Elara and Wilha have a secret even they don’t know about. They are twins, separated at birth and sent into wildly differing lives. Wilhamina is ushered into the strict world of nobility as the Masked Princess, her face hidden behind a mask so that none should ever know that she has a twin, while Elara, born seconds later, is banished to an unloving family to life out her life as a virtual slave. Eventually, circumstances cause the sisters to meet, and in the tradition of great fairy tales, they trade places, with Elara putting on Wilha’s mask and becoming betrothed to Stefan, the prince of a neighboring country.
It’s a fantastic setup, one whose strengths lie in its simple premise: Cinderella meets Rapunzel, and the two discover they desire what the other has. Unfortunately, author Jenny Lundquist insists on complicating things by embroiling the sisters in a long-standing plot to start a war between Galbadia and Kyrenica. Suddenly, simplicity becomes sidelined. No longer were the sisters just separated at birth, they were separated because of an age old prophecy and a fear that one sister will rise up against the other in a political war. The betrothal to Stefan isn’t just to unite the kingdoms; it may be a plot to assassinate the Masked Princess.
The problem is that these are two very different stories. One is political intrigue, requiring a touch of mystery and the slow discovery of secret plots, with an emphasis on the why of what’s happening. Another is a young adult tale, trying to tell a story about coming of age, the gaining of independence, and navigating the awkward courtships of young love, with an emphasis on the how of what’s happening. This is a difficult dance between genres that many authors have tried to emulate since Rowling’s Harry Potter, but few others have mastered the steps. Nor is it mastered here: the writing rushes in places where it should linger, falters in places where it should step strongly, and doesn’t do full justice to either genre.
For instance, when Wilha discovers her twin kissing Stefan, she feels betrayed. This would be a great moment of tension had it been built up more, but Wilha’s feelings for Stefan are never explored prior to this. Indeed, Wilha never even meets Stefan prior to the switch, leaving this moment not only bland, but also confusing. Similarly, stuck in the points of view of Wilha and Elara, the reader is treated to none of the drama of the brewing war, just the events of it as they revolve around the sisters. Even this had potential, had the sisters been more involved in these plots. Instead, they are absorbed (understandably so) in the story originally promised – the exploration of their new roles in society. Potential remains: there is a wonderful set up for the climax, a masked ball where both girls are supposed to be present and an assassin is supposed to try and kill the Masked Princess. This is discarded almost as quickly as it is introduced, and is replaced instead by a less interesting one-on-one encounter with the villain in a bedroom, where he explains his motives while all but twirling his mustache.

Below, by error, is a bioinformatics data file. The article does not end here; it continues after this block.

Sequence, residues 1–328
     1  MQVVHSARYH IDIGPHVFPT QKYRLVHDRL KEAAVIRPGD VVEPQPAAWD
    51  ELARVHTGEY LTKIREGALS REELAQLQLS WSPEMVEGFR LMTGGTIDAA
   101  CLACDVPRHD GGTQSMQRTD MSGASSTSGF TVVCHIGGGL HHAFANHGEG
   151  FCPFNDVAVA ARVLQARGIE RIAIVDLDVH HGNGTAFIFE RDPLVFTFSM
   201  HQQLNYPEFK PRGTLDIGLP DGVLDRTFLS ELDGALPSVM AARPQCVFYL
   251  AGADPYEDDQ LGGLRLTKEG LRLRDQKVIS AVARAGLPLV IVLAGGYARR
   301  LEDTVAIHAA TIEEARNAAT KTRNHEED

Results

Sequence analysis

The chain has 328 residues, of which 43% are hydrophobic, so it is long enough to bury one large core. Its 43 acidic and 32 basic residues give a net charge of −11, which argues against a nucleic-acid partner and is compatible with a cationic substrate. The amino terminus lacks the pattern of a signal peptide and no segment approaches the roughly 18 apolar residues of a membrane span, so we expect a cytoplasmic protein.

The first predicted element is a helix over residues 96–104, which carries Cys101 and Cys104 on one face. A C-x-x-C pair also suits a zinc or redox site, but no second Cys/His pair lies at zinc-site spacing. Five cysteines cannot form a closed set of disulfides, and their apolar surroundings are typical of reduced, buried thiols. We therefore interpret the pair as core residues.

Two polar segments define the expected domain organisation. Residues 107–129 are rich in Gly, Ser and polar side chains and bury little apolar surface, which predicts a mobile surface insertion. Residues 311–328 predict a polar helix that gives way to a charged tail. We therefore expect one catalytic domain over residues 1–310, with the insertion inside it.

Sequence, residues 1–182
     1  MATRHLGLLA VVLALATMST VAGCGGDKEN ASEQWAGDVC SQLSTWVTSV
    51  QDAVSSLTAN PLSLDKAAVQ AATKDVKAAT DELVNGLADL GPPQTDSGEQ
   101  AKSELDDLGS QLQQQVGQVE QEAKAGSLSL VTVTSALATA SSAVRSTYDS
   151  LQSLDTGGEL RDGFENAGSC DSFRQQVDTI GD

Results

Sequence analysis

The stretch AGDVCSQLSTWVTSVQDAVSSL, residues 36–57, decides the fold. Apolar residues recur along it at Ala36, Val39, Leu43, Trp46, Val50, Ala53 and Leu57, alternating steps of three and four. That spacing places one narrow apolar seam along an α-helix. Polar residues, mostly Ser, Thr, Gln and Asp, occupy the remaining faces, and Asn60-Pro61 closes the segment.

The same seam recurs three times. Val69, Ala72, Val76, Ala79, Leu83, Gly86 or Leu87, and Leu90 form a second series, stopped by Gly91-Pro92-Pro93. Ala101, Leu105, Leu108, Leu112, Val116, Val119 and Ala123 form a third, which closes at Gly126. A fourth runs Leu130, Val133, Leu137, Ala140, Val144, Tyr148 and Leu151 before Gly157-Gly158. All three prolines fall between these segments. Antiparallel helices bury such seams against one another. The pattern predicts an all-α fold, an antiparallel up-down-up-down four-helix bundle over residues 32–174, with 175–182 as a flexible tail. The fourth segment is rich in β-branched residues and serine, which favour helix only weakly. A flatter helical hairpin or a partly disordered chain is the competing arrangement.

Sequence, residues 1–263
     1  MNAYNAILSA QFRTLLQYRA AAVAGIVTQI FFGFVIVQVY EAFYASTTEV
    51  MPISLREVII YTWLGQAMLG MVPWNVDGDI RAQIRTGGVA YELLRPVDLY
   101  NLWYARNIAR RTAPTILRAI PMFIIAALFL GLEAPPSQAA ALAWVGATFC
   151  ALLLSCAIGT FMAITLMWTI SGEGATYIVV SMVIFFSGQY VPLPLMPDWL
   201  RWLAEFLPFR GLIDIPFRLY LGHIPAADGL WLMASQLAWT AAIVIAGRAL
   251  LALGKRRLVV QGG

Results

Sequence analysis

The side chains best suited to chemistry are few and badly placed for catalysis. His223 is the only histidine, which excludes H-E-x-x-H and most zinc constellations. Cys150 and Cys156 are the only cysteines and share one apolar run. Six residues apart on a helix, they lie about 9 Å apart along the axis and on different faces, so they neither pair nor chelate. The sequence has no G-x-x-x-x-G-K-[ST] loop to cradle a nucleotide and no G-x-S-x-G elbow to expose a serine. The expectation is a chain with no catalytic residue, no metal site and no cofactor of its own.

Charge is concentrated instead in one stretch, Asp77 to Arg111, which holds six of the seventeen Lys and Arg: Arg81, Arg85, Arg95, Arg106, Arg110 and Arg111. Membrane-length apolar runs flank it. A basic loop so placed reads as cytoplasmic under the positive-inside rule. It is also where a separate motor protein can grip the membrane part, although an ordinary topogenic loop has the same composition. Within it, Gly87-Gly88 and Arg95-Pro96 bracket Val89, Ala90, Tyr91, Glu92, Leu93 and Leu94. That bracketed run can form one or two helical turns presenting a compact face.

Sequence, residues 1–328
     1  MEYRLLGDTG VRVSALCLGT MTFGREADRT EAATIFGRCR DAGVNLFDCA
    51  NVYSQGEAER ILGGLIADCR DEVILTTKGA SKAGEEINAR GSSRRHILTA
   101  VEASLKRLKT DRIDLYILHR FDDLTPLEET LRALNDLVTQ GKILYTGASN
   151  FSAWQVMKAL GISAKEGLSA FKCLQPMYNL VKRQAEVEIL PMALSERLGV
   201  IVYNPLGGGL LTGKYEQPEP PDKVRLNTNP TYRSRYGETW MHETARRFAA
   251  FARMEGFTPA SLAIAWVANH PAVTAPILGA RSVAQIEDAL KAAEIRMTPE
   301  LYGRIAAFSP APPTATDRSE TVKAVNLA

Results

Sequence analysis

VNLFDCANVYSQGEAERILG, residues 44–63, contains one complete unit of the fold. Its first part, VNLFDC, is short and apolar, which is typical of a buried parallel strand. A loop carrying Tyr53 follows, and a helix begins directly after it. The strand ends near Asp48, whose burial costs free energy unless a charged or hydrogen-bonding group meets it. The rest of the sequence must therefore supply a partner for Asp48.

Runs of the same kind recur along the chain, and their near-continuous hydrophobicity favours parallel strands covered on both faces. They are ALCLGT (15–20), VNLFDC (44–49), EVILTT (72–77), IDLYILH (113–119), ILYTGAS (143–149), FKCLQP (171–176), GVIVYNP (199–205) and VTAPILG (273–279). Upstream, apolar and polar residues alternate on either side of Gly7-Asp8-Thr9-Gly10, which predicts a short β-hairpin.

With all of that said, readers won’t dislike their time spent with Opal Mask. The glimpses of what could have been are exciting enough to keep you reading to see what will be. And while what is there ends up not delivering on the promise of its premise, it is a disappointment in comparison to itself, not in comparison to other young adult fantasy. There is hope that the sequel will use what was created here and take it to all of the places it deserves to go.
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